David’s sin of arrogant trespass and abuse of privilege is so common to this day that I feel like saying with the prophet Isaiah, “I am a man of unclean lips, and I live among a people of unclean lips” (6:5). It is right that we lament and confess what we see and know. Anyone who has started down the Twelve Steps toward sobriety will tell you that honest self-awareness is critical to any healing. That’s why Nathan the prophet’s parable is so essential to David’s self-awareness. Nathan is courageous in telling truth to power, risking his life by showing David how wrong the king has been. And to his credit, David recognizes Nathan’s judgment as God’s righteous word.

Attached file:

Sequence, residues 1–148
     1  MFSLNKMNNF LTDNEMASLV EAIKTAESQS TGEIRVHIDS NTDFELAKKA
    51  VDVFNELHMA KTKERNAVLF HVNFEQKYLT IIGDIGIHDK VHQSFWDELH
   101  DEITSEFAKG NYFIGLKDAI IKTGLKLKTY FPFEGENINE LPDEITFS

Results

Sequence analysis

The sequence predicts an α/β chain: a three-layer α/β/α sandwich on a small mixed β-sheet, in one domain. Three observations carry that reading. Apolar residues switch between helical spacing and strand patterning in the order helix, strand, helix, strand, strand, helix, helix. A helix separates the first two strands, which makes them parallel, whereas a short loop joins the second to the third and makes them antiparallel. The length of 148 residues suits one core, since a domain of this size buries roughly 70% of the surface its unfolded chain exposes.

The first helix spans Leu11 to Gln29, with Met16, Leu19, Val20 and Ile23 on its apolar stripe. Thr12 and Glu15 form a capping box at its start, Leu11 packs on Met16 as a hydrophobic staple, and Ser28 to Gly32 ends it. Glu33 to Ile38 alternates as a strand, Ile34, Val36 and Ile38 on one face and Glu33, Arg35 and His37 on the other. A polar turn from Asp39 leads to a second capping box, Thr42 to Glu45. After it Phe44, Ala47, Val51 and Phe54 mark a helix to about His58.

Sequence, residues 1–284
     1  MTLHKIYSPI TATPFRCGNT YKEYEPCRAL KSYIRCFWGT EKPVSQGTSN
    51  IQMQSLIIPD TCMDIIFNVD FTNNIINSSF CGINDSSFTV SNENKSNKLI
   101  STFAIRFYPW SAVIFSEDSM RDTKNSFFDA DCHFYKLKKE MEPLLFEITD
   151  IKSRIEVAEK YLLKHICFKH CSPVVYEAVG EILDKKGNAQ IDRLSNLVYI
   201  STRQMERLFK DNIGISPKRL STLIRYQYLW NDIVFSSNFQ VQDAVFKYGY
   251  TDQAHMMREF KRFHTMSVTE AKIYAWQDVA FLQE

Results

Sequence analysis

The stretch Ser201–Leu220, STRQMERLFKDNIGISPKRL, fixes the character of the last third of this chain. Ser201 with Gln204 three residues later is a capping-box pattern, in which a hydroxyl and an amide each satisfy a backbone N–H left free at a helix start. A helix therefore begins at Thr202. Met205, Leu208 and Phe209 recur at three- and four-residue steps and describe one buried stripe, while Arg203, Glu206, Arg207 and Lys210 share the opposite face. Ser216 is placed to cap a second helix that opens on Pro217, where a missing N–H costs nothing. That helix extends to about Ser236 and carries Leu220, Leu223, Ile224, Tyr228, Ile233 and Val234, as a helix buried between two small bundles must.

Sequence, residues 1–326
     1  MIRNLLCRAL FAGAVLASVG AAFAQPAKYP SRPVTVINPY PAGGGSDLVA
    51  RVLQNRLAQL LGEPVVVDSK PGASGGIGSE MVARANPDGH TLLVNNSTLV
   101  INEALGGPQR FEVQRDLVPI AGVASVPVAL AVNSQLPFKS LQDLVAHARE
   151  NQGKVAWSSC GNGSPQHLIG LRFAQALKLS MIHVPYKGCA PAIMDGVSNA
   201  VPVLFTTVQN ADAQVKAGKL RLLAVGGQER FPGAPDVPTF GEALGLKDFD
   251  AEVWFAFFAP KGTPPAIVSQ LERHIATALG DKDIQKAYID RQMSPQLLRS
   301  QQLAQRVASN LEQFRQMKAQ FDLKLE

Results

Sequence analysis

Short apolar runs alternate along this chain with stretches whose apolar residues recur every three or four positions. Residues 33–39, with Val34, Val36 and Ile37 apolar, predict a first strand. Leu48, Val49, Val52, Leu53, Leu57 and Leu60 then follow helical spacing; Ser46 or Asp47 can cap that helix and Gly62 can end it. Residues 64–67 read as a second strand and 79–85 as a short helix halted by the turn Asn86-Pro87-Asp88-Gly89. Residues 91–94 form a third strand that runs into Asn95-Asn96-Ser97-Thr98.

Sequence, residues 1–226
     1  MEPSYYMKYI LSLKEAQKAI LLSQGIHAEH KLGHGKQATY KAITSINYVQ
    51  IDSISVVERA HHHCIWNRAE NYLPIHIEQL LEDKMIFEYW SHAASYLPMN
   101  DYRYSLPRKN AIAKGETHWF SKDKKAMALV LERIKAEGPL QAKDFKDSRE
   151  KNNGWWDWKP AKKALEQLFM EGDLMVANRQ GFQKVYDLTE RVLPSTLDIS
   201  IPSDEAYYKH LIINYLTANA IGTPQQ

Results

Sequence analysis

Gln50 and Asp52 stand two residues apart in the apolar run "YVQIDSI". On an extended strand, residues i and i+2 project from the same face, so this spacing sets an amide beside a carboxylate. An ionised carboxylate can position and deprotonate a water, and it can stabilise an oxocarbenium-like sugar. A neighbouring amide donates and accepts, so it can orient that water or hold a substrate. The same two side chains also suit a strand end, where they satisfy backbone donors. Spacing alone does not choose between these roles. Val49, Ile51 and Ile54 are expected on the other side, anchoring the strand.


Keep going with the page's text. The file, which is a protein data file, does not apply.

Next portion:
David confesses his wrongdoing in the prayer we know as Psalm 51. There is no better place in all of scripture that so plainly tells of the human condition, and of the “sklerokardia” to which we all are prone. “Have mercy on me, O God…blot out my transgressions. Wash me thoroughly from my iniquity and cleanse me from my sin.” We know our transgressions, and our sins are before our eyes. We plead with God, “Do not cast me away from your presence, and do not take your holy spirit from me.” Atonement for sin begins with owning up to it, with facing the consequences of what we have done, so that God can put “a new and right spirit within” us. We yearn for the transformation of life with God rather than being buried forever under the rubble of past misdeeds. This is what David begs for in Psalm 51, “Create in me a clean heart, O God.”